I left for class a little later than usual, the required report on the human muscular system required for my brown belt still undone. While I was driving in the car, I realized….I don’t just help the animals, I help the people too…and they help me too.

The world has gotten to be a scary place. It seems as though people are all out for themselves and don’t care about anyone or anything else. We treat the environment as though it is indestructible and we trust very few. If the apocalypse that so many are preparing for actually comes, it will be every man for himself. Being a martial artist, I am prepared to confront the worst of humanity. Most of us see each other that way. We look for the worst and find it.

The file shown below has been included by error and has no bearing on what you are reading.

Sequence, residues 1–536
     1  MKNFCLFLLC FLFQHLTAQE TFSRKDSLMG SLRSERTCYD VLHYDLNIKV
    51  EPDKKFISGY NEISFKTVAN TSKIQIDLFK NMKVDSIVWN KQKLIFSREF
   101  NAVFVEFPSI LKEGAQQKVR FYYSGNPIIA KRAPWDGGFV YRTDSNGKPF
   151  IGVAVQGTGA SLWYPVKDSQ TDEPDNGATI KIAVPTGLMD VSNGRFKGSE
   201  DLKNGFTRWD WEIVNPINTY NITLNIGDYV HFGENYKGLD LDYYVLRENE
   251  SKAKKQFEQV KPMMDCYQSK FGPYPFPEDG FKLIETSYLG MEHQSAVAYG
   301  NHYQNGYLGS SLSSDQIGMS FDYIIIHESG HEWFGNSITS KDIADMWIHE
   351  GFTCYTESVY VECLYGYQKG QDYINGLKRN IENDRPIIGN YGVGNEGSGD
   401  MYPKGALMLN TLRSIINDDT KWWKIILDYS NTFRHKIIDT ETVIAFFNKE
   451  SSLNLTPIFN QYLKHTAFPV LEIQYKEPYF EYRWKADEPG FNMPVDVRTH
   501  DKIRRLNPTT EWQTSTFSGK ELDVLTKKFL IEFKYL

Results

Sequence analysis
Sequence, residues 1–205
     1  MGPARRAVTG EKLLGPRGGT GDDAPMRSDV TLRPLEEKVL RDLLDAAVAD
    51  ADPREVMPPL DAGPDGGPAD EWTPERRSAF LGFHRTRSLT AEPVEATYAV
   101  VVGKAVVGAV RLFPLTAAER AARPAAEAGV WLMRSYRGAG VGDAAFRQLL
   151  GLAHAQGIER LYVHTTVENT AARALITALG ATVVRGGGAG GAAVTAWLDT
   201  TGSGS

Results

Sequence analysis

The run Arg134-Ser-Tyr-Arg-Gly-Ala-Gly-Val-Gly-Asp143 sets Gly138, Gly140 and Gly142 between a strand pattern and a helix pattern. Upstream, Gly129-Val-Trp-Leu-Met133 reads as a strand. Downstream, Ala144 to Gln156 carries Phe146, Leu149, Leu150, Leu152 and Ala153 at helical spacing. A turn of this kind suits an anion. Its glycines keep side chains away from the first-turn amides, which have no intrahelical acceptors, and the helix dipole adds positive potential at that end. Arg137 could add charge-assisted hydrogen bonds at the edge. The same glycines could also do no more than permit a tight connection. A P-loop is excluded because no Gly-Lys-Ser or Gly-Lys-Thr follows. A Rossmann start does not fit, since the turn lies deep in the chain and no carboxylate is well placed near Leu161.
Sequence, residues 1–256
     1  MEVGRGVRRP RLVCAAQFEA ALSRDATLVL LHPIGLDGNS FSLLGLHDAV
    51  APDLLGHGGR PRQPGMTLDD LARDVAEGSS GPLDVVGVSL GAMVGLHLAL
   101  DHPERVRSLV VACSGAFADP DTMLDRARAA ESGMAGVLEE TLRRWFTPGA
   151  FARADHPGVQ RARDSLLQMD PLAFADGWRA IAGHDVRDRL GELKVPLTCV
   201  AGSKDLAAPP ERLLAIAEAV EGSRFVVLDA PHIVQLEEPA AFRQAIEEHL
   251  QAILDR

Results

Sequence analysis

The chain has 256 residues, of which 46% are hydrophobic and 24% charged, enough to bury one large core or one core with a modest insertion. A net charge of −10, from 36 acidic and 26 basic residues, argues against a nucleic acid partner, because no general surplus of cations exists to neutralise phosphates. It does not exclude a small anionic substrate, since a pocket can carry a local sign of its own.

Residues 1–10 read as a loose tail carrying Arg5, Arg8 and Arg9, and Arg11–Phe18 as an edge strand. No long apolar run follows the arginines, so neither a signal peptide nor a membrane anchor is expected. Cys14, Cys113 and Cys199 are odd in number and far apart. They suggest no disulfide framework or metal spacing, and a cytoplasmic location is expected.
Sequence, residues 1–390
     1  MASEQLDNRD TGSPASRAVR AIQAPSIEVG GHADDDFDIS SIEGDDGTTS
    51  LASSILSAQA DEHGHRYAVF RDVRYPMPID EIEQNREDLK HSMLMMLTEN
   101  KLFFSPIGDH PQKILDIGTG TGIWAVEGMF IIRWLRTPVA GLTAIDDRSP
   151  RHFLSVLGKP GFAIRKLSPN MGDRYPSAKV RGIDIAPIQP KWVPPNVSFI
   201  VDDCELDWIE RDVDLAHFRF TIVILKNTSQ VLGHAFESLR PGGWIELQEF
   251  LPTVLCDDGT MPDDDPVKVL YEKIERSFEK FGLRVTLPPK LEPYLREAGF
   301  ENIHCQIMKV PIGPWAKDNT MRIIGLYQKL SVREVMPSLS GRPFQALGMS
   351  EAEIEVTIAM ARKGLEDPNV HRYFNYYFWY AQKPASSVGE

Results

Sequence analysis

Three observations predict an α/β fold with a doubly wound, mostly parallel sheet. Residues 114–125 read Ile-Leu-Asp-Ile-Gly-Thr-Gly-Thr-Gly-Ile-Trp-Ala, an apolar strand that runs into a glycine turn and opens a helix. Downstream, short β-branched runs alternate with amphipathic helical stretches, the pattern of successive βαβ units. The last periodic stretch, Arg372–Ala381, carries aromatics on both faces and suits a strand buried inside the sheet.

But then I understood. Even when people are being jerks and expecting the world from me, even when they demand miracles I can’t deliver, it’s all because they care about that animal, or turtle, or bird that they want so badly to help. Other people experience greed, or hate or inconsideration; I get to see the compassion. Every day, compassion. They go out of their way to help something that has absolutely no possible benefit to their lives, other than it is alive and all life is precious. Wow. How lucky am I?

I always felt that the true measure of a man is how he treats those who have nothing to offer. Great is the compassionate man, the man who extends a hand to the homeless, smiles at a child or pats the stray dog. I saw greatness today, greatness that I will long carry in my heart with compassion.


Sensless Beauty

The senseless beauty in my life is gone. It had no purpose, but to make me happy when I saw it… And it did….every time. I remember I was turning 50 when I asked for a peacock, it was my midlife crisis. I needed beauty without purpose. Instead, I got chickens. Chickens are practical. They give you eggs and do not sit in trees and scream….but my heart wanted peacocks.